During the workshop, participants learned coaching techniques focused on improving self-awareness, self-care, self-compassion and boundary-setting. Introducing workshop participants to EI concepts and how the skills can be used to enhance EI and wellness in others led to changes in attitudes and behaviors among the directors regarding a perceived ability to guide, train and lead others. The researchers found that increasing leadership awareness of burnout factors and introducing them to practical applications to address it helped workshop participants experience subjectively effective and sustainable improvements in physician EI and wellness over the nine-month follow-up period.

Soothing Patient Suffering

In an essay published in the Journal of the American Medical Association, University of Rochester professor Ronald M. Epstein, MD, and University of Washington oncologist Anthony L. Back, MD, coauthored an essay commenting on their findings following a review of literature on how physicians address patient suffering. The authors wrote that though suffering is pervasive in the medical profession, they found few articles on the subject in medical literature, and almost none directed at practicing clinicians.

The authors asserted that physicians could have a pivotal role in alleviating suffering if they change how they respond to patients, yet professional training in this area is sorely lacking. Drs. Epstein and Back suggest that physicians can better address patient suffering by adopting two clinical approaches known as “turning toward” and “refocusing and reclaiming.”

  • Turning toward involves directly asking patients to describe their experience of suffering through questions such as “What’s the worst part of this for you?” and then attentively listening to and closely observing the patients’ responses. By recognizing that diagnosis and treatment can address only a portion of human suffering, physicians can become more emotionally available and engaged, expressing comfort and caring through an authentically compassionate bedside manner.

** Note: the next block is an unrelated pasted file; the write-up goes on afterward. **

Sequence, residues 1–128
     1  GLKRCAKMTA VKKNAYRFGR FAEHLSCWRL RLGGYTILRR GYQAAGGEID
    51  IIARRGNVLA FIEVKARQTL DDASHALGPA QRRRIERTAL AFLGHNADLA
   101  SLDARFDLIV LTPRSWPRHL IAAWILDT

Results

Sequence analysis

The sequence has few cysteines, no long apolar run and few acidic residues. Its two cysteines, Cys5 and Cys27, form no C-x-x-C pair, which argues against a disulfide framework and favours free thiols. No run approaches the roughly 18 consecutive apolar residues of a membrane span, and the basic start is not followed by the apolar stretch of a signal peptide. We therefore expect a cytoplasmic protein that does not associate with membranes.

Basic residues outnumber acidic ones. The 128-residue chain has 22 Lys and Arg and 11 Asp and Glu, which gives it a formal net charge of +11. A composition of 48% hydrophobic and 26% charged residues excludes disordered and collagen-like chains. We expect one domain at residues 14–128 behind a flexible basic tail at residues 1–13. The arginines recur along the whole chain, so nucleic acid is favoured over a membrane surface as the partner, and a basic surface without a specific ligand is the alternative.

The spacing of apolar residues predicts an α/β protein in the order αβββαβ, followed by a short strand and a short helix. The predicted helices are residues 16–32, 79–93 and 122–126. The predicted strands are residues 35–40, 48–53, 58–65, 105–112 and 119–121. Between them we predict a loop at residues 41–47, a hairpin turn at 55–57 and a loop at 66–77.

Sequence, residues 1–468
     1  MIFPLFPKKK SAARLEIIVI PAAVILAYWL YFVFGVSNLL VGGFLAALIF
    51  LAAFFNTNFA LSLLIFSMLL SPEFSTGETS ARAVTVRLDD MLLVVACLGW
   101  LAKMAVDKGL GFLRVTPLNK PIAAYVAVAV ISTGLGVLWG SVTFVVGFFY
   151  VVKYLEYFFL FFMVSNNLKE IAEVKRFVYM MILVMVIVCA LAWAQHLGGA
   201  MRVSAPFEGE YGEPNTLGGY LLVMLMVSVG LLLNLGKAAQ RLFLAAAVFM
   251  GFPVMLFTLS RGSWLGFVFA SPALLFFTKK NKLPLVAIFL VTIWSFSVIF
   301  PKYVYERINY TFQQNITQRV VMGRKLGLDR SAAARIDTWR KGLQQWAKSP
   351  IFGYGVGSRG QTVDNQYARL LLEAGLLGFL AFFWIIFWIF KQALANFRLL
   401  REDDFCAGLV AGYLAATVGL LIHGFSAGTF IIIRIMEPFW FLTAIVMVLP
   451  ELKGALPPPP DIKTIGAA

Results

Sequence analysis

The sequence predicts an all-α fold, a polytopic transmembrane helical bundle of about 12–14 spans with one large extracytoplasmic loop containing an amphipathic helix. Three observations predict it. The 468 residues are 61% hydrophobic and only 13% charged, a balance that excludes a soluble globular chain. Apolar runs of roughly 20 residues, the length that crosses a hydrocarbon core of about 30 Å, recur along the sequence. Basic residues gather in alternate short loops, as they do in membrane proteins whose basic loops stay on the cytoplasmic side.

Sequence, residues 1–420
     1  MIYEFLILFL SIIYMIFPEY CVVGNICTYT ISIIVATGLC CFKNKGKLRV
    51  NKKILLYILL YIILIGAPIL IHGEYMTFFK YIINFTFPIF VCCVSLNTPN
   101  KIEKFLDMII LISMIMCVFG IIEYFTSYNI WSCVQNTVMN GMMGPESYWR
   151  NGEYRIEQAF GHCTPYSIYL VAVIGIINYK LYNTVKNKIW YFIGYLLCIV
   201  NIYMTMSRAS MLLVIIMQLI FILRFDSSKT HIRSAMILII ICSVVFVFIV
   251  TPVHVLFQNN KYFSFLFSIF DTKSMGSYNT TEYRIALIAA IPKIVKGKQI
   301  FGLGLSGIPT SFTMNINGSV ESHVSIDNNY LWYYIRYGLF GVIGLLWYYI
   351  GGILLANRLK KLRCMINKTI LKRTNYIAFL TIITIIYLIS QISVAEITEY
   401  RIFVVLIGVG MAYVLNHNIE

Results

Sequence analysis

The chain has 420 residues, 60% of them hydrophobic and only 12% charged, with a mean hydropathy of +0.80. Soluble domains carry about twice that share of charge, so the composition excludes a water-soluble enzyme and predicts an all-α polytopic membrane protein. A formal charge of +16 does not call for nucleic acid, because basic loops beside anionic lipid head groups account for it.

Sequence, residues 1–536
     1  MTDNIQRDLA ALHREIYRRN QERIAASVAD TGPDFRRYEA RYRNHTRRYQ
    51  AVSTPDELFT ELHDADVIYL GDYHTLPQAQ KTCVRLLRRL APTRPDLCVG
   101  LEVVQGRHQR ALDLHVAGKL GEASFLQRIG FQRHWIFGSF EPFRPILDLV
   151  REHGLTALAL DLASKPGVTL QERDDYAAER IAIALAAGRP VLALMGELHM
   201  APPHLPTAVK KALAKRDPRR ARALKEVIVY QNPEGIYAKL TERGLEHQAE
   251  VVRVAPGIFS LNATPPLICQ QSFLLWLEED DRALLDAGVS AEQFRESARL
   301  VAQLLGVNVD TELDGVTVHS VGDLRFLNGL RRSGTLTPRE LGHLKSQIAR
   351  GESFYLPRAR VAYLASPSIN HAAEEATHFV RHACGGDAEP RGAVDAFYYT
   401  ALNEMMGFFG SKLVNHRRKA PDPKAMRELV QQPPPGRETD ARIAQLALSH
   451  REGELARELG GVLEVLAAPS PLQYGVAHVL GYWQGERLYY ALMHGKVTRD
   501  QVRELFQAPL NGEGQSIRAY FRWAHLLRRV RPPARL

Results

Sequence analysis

• Refocusing and reclaiming involves helping patients come to terms with illness and reconnecting with what is important and meaningful in their lives. By helping patients deal with the pain, difficult choices and uncertainty often inherent in illness and associated medical care, clinicians can guide patients toward greater equanimity and acceptance. In addition, by confronting their own discomfort with suffering in a head-on manner, the authors assert, physicians can find a deeper sense of purpose and meaning in their own work.

Taken together, this body of research suggests that, when it comes to medicine, softness and strength — that is, emotional and intellectual acumen — may accurately be described as two sides of the same currency, obtaining benefits for physician and patient alike.